"selective service") into protecting and preserving the government's own 
existence. 

   Have you ever wondered just what the government is REALLY doing while it 
is claiming to "serve and protect"? In 1971, the FBI office in Media, Pa. (a 
suburb of Philadelphia) was raided by persons unknown and a large quantity 
of documents seized. An analysis of the seized documents was subsequently 
published in the Los Angeles Free Press, 24Dec71: 
     40% surveillance of political groups 
     30% internal administrative matters 
     15% "ordinary" crime 
      7% military AWOLs and deserters 
      7% draft resisters 
      1% organized crime 
   This raid was considered so significant by the FBI that it closed about 
half its offices throughout the country, concentrating its resources in the 
remainder so as to provide for greater secrecy in its operations. 

   The true function of the police is not to protect individual citizens 
against crime. Their function is precisely described by the general name of 
their profession: Law Enforcement. It would help you think more clearly 
about them if you consider the word PIG to be an acronym: Protector of 
Institutions of Government. You should also realize that the phrase "Law and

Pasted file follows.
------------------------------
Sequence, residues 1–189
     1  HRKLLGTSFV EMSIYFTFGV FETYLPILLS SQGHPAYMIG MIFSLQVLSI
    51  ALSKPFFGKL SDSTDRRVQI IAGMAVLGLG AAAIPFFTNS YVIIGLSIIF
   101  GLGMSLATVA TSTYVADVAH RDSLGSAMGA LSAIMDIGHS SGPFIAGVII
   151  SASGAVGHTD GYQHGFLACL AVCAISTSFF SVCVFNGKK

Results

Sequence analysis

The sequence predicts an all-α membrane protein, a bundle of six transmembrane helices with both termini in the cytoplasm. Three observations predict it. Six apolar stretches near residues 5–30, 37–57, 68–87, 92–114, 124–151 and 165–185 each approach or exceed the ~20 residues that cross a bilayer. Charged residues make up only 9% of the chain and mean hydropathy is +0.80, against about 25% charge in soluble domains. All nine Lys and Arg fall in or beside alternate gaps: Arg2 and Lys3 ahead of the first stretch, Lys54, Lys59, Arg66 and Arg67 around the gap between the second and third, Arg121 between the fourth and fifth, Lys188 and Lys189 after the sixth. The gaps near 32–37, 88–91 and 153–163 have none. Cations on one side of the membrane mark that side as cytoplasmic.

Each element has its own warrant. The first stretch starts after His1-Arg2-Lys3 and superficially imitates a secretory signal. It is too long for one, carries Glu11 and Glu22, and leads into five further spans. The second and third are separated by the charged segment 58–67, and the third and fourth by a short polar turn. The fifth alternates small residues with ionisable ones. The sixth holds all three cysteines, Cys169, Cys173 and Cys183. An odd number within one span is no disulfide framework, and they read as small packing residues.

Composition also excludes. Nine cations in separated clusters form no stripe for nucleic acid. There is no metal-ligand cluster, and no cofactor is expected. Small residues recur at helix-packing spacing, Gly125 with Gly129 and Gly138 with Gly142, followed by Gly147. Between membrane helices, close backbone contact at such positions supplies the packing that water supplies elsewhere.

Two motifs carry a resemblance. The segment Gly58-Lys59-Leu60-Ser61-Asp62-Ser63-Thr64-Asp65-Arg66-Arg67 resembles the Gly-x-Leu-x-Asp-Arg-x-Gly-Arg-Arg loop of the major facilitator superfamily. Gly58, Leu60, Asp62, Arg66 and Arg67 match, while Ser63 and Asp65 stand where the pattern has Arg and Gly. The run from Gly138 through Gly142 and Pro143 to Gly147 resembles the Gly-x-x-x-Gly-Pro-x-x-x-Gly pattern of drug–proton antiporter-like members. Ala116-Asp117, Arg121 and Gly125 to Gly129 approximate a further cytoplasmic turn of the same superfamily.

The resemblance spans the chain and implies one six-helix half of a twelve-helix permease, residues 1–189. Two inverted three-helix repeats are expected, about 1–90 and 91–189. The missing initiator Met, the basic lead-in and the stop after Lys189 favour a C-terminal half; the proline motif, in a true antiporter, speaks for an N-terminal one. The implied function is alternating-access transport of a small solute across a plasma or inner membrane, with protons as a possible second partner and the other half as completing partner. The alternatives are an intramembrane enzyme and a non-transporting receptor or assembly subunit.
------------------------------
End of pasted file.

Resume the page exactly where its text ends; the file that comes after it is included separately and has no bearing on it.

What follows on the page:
Order" is a perfect synonym for "Government Control." 

    
   Governments all behave in fundamentally the same manner, regardless of 
what they say their goals are. Perhaps they might be more accurately 
perceived as big machines that do what they are programmed to do rather than 
as bunches of people. A culture develops within government that is 
completely dominated by the advocates of government action. From 
constituents to lobbyists to journalists, the lawmakers very rarely, if 
ever, come in contact with anyone who advocates government INaction. Every 
employee at every level of every government department is affected and all 
those expensive people think they have to DO SOMETHING to justify their 
salaries, and every action they take is another interference with freedom, 
keeping people from doing what they want to do or making people do things 
they don't want to do. A bureaucrat dreads being accused of doing nothing; 
he has to do something to make it look like he's DOING SOMETHING, so he will 
continually proliferate rules. One result is that the American court system 
is drowning in the avalanche of legal pollution that could appropriately be 
called hyperleges. 
   Legislatures are founded on the assumption that there is a need for the 
continual production of rules to govern the lives of the citizens. Is this a 
valid assumption? Is it really necessary for you to live under more than a 
million laws in order to be able to go down to the corner store and buy a 
loaf of bread? This is no exaggeration: In 1992 it was calculated that among 
the Federal, State and Local governments, every American citizen lives under 
the shroud of more than a million laws. On January 1, 1996, one thousand new 
laws went into effect in the state of California alone. Not only are the 
laws multiplying in number, they are growing in size: the IRS code consists 
of over 9000 pages. 
   But hyperleges is inevitable under the present legal system: it is the